A Case of Crossed Hands
Something about the following quotation — offered in “State blamed for teacher strikes — from Bob Walsh gives me the impression that there’s a long-term plan behind the words:
“We predicted this would happen,” said Robert A. Walsh Jr., executive director of the National Education Association of Rhode Island, which represents 28 teacher locals. “We believe this is bad government decision-making and we believe they have a responsibility to fix it. They are killing public education.”
The context reporter Jennifer Jordan has given for the comment is “the decision by lawmakers in June to ‘level fund’ state education aid at last year’s amounts and the impact of a new state law that limits how much municipalities can raise property taxes to pay for schools,” and one can see why the top guy in the local teachers’ union would want the responsible “they” to be the state government. For one thing, it would consolidate the contribution checks required to influence policies. Relatedly, and perhaps more importantly, it would pull the ultimate authority for schools one step further from citizens who share the interests of townsmen. And of course, the state has more places to hide its financial doings and more ways to disguise its fund-raising than do municipalities.
The article goes on to illustrate that it is a deeply embedded practice in Rhode Island to disperse responsibility to no group in particular:
The state law governing teacher contract negotiations does not give teachers the right to strike. In fact, teacher strikes have been ruled illegal by the state Supreme Court. But one or two teacher strikes a year are not uncommon, and usually end when a judge orders teachers back to the classroom while mediation or arbitration resumes.
Within Rhode Island’s General Laws, the strongest language regarding teacher strikes is that “nothing contained in this chapter shall be construed to accord to certified public school teachers the right to strike.” I’ve come across a few bills, especially from early this decade, attempting to strengthen this ambivalent negation, but none made it through to the statute. The rest of the relevant law (although I haven’t been able to find it via casual research) comes from the judiciary. And we all can observe the process that the judges have devised: Teachers get to threaten strikes and to follow through; elected town officials get to complain and take legal action; and judges get a role in the administrative/executive function of negotiating contracts, often (as I understand) requiring that a mediator be employed to wrap the two sides together in legally binding terms.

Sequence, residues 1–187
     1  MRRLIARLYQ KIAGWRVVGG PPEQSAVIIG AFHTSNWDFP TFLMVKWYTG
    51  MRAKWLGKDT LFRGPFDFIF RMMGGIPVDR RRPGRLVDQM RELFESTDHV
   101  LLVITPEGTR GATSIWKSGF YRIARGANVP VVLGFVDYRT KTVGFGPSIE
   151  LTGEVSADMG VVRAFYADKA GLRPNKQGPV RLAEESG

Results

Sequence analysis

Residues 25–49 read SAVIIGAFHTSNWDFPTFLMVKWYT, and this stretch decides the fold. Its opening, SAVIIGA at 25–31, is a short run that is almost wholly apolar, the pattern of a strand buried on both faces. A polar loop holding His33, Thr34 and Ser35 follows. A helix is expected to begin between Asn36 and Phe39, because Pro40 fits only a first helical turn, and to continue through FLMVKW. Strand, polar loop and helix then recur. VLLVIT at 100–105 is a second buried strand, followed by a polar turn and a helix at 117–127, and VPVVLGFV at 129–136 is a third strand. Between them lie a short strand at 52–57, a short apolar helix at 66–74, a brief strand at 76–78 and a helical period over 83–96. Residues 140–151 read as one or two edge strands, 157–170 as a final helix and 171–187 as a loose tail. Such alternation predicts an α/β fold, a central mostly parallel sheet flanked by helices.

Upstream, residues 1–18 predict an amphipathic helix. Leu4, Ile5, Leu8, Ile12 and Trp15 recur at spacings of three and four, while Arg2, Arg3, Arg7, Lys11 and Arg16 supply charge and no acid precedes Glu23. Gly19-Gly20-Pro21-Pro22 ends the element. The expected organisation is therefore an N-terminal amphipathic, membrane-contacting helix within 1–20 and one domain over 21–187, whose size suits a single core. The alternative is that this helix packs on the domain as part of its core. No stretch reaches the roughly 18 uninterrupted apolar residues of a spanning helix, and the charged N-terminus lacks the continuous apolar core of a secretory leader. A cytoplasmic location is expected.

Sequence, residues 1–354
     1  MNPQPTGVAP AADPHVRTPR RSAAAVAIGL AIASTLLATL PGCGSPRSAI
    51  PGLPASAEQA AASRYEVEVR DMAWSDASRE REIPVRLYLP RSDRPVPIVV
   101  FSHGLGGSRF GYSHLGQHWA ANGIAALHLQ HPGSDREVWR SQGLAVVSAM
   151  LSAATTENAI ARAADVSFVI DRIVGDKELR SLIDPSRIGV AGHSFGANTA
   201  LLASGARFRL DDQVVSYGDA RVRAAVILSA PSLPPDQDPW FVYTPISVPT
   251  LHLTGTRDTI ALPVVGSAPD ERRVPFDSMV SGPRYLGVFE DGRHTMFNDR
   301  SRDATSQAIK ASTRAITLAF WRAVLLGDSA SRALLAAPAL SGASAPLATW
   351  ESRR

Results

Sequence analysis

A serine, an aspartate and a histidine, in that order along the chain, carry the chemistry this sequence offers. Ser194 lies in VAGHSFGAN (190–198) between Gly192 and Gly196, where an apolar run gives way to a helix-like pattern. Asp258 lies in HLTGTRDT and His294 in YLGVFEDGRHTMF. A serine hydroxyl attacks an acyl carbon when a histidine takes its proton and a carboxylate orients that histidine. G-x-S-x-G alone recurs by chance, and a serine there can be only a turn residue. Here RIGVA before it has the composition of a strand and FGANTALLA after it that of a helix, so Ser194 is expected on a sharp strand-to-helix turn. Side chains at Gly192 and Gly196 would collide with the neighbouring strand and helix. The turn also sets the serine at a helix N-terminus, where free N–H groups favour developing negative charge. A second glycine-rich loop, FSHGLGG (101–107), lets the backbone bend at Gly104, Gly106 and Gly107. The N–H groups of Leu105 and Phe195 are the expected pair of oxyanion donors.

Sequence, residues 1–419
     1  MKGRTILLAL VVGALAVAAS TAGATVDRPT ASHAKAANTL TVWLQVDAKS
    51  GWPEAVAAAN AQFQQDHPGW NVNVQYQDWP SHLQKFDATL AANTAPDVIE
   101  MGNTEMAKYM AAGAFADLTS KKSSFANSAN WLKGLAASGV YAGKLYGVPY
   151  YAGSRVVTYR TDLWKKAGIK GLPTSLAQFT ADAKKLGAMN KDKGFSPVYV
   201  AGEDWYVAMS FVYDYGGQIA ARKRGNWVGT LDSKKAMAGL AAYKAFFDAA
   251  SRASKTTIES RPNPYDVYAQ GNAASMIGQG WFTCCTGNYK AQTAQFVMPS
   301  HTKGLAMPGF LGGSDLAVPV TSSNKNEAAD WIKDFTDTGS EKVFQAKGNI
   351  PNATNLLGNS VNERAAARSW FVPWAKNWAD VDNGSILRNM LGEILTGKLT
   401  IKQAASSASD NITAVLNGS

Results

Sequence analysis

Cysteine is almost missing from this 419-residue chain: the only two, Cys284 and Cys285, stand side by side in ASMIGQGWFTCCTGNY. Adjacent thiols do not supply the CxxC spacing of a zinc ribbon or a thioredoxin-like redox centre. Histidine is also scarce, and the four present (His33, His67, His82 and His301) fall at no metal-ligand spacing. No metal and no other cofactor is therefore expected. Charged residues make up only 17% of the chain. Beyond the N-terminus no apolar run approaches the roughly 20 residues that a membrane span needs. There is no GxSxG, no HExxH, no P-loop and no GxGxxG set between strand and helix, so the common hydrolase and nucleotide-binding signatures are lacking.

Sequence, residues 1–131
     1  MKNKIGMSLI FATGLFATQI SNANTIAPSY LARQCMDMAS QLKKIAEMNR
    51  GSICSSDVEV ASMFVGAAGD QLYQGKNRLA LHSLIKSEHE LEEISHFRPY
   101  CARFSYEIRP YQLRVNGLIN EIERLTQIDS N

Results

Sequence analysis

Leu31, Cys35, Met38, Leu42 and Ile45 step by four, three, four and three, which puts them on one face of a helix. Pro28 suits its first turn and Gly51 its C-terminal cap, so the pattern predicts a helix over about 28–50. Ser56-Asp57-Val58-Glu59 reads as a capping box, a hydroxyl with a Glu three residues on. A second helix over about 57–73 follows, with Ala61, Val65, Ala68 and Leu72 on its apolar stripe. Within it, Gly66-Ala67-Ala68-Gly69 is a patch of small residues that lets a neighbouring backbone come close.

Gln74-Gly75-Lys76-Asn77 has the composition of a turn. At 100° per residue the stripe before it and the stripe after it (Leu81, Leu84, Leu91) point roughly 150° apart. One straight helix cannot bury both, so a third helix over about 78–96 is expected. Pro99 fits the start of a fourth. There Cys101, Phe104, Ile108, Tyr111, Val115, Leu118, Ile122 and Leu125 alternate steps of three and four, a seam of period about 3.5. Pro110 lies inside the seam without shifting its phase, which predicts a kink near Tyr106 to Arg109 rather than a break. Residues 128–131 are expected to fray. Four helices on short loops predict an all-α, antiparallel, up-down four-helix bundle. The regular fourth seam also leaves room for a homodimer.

At no point is there an official against whom the public can take direct action at the ballot box.
Subsequent comments from Senate Majority Leader Teresa Paiva-Weed, in Jordan’s article, give somewhat more than the impression that another doozy of this sort of well-greased circular chute for blame is in the process of being constructed:
MEANWHILE, A STATE law known as Senate Bill 3050 also went into effect this year; the law gradually lowers the cap on the amount cities and towns can raise through property taxes to finance municipal services and schools. The intent of the bill was to control escalating property taxes and force communities to analyze and rein in spending, not encourage teachers to strike, said state Senate Majority Leader, M. Teresa Paiva-Weed, a Newport Democrat who designed the bill.
But the property-tax cap was never intended to solve the problem of school financing — that must come from the development of a statewide school financing formula, which Paiva-Weed says she will push lawmakers to focus on this year.
“I think there needs to exist a willingness of our cities and towns to give up some of their control, and a willingness of the state to accept responsibility,” she said. “It is my hope we can overcome the natural tendency cities and towns have to keep education local and we can work together to achieve savings.”
There’s something almost defensive in her feeling it necessary to explain that the property-tax cap wasn’t intended to “encourage teachers to strike.” The image of a raincoated Peter Falk comes to mind, protesting that he insinuated no such thing.
I may be a simple dabbler in literature, but see, I get nervous when people start talking about overcoming natural tendencies. Maybe I’m paranoid. My wife tells me that I think folks are always out to sell me things. Ah, well, she’s probably right. But that’s me, and it sure does sound like there’s some sort of transaction being proposed here. Control for responsibility. Oh yeah, responsibility and money. Now why would anybody want to buy responsibility?
Savings through consolidation certainly do sound attractive. But one thing I keep coming back to: the town’s money and the state’s money both come from me, only I see the people who spend the town’s money walking their dogs and standing in line at the bank.